We learned from riotous France how ghettoization begets alienation, criminalization, and violence. We learned the same thing at home, as unsolved murders ballooned, with a high proportion of them in what is called public housing, but is really government-created ghettos. L'lle St-Denis near Paris, in other words, isn't fundamentally different than San Francisco's Potrero Terrace or Hunters View.
In this city, we learned that because residential real estate has become extremely expensive, developers might be willing to personally subsidize a third of apartments in a large development for low-income tenants in exchange for the proper permits. For example, thanks to a midsummer deal between developer Angelo Sangiacomo and Supervisor Chris Daly, 34 percent of 1,410 units to be built over the old Trinity Plaza apartments will be rented cheaply so lower-income people can afford them.
It just so happens that there's an official plan on the books that, if fully executed, could allow San Francisco to profit from this learning and turn murderous public housing slums into safe, integrated neighborhoods.
But as seems to always happen here, neighborhood interest groups, allied with demagogic politicians, are already circling their wagons in a protest effort that may scuttle a plan to make San Francisco more comfortable and secure for its poorest, most vulnerable residents.
Unless the city commits to making 2006 a year in which residents quit impeding anything that smacks of making other people's lives better, it's unlikely that the plan will break up a ghetto and provide its residents with a new, diverse, and vibrant neighborhood.
Potrero Terrace and Potrero Annex are names given to public housing projects about a mile south of Mission Bay, in which 1940s and 1950s barracks-style concrete buildings are scattered on a dirt-and-grass-covered hillside. They serve a dual role as gang fortress and 635-unit public slum. According to Sangiacomo/Daly math, a new neighborhood made up of 2,000 apartments -- creating about half the population density that's now filling the more urbanized parts of Mission Bay -- would offer subsidized housing sufficient to provide homes for residents currently living at the Potrero projects.
The Potrero slums happen to possess an amenity that would make this plan quite feasible -- a hillside with stunning bay views. If a builder were to redevelop that now-squalid place, and those views were sold as an amenity to condominium buyers, the resulting money would be sufficient to include in the development subsidized apartments for residents who already live there, albeit much nicer and safer apartments than their current homes.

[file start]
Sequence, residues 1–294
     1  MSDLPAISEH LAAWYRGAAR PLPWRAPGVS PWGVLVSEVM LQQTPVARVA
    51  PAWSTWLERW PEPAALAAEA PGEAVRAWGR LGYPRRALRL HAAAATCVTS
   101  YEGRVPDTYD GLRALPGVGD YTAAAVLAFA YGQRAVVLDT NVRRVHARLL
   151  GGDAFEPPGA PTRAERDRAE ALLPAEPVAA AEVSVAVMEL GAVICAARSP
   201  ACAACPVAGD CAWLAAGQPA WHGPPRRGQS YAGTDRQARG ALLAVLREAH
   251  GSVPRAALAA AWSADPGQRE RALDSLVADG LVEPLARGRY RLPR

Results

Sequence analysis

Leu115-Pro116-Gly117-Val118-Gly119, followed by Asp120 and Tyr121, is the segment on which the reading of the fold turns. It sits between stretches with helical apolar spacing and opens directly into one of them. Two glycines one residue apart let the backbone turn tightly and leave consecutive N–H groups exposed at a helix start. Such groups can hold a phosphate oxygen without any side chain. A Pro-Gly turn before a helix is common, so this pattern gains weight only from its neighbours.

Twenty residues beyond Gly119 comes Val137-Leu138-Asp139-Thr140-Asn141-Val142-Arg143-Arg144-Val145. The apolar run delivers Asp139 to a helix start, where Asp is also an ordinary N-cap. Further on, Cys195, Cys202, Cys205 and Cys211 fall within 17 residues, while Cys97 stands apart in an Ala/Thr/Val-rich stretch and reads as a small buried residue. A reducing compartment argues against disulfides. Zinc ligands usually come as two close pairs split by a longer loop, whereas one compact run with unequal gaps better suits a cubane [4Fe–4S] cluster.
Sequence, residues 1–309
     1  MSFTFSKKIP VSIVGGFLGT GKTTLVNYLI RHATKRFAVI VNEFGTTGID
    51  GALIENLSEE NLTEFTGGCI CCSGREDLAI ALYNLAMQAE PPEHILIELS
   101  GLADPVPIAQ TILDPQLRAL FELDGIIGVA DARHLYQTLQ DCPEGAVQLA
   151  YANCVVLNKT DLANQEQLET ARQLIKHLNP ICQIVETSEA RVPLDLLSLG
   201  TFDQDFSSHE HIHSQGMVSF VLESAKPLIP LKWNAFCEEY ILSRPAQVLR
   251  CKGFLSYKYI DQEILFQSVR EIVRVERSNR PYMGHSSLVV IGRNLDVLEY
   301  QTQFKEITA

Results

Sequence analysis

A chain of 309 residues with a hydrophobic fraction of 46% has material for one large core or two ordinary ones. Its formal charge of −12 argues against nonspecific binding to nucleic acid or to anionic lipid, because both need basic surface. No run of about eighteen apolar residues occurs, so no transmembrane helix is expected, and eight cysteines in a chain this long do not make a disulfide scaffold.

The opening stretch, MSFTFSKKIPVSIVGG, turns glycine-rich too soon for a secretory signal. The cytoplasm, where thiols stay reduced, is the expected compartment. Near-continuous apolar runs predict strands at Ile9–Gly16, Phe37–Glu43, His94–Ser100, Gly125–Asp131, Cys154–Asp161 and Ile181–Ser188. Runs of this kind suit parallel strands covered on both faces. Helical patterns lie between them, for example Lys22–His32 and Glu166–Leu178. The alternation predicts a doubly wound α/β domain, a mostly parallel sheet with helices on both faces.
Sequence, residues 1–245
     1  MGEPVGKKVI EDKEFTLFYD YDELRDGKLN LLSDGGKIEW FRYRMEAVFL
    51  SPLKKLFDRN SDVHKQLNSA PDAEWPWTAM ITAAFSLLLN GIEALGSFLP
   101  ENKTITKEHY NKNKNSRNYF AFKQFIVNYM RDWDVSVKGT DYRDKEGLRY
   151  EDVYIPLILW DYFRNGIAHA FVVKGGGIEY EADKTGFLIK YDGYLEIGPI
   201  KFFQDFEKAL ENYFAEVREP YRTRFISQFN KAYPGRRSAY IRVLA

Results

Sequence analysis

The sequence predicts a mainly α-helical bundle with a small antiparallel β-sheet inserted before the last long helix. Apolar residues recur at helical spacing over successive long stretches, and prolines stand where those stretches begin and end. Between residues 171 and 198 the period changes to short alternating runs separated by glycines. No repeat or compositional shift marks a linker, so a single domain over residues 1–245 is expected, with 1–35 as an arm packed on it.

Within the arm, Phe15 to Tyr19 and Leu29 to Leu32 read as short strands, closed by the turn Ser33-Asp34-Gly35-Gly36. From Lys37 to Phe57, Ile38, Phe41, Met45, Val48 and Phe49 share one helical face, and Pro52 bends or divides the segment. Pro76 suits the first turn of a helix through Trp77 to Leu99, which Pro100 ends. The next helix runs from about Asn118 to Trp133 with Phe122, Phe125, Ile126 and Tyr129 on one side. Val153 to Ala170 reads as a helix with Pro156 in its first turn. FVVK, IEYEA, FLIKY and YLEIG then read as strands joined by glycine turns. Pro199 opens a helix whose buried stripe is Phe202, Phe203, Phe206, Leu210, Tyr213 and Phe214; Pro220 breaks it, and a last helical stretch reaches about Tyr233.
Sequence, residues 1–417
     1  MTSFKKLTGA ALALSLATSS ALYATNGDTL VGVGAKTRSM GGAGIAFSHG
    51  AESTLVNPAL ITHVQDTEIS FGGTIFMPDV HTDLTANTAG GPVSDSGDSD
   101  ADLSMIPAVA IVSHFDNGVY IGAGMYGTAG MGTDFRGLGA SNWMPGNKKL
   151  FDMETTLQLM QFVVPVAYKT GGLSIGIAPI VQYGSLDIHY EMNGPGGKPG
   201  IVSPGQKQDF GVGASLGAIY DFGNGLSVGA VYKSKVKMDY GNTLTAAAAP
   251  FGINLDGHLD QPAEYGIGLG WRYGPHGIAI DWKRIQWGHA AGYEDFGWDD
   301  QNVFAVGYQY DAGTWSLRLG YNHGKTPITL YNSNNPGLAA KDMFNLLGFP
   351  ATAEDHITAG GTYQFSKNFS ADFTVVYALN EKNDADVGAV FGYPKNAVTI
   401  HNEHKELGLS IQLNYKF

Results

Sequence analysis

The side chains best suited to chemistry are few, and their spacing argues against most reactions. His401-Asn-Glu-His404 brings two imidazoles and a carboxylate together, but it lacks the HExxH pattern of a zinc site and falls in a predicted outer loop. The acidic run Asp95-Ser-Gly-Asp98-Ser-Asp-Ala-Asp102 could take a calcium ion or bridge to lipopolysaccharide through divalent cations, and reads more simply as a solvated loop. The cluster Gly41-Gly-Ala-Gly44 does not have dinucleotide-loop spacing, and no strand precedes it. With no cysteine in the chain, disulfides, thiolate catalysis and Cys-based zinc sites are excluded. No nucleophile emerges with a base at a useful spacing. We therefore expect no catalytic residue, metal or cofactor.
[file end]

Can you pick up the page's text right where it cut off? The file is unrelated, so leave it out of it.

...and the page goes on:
The resulting economically integrated neighborhood would provide a nice, subsidized place in which to live, shop, stroll, and play -- as Mission Bay is becoming -- for poor people who now live in a dangerous tenement. The resulting expanded tax base would allow the city to spend money on presently shortchanged government programs. San Francisco's real-estate-price-inflating citywide apartment shortage would be somewhat assuaged.
And most important, such an enterprise might help curb the gang killing in that area. A large, economically diverse political constituency of the sort that would populate such a neighborhood wouldn't tolerate the type of police neglect Potrero residents now complain of. If you doubt the potential for such a phenomenon, stand at night in a quiet, rich neighborhood such as the Marina, and you'll see a lazy parade of police cruisers.
This whole promising concept may be impossible, however.
In San Francisco, members of the city's 400 neighborhood associations rise to arms every time someone threatens to build apartments somewhere. Public housing residents and members of the Housing Authority Commission are already using the rallying cry "anti-gentrification" to protest increasing the number of units on Housing Authority land.
Unless San Francisco residents and leaders apply the intellectual enrichment of 2005 to improving the lives of the poor, the anti-gentrification demagogues may succeed in keeping things the awful way they are.
In the summer of 2003 San Francisco city government officially invited developers to come up with plans to rebuild 18 of the city's most dilapidated public housing projects.
These range from vacant buildings on tiny lots, to vast plots such as the 31-acre Potrero Terrace and Annex and the 49-acre, 767-unit, bullet-plagued Sunnydale project in Visitacion Valley, down to a vacant duplex in Bernal Heights.
The invitation to developers was extraordinarily expansive, inviting them to come up with what could become entirely new neighborhoods, complete with mixed-income housing, stores, and any other amenities a planner could dream up. But it offered no specifics -- specific building plans incite NIMBY range wars in this city. The "request for qualifications" merely asked for developers to express willingness to come up with something -- anything -- that might allow the slums to be transformed from their dilapidated and dangerous state. This was no request for plans. And there exist none.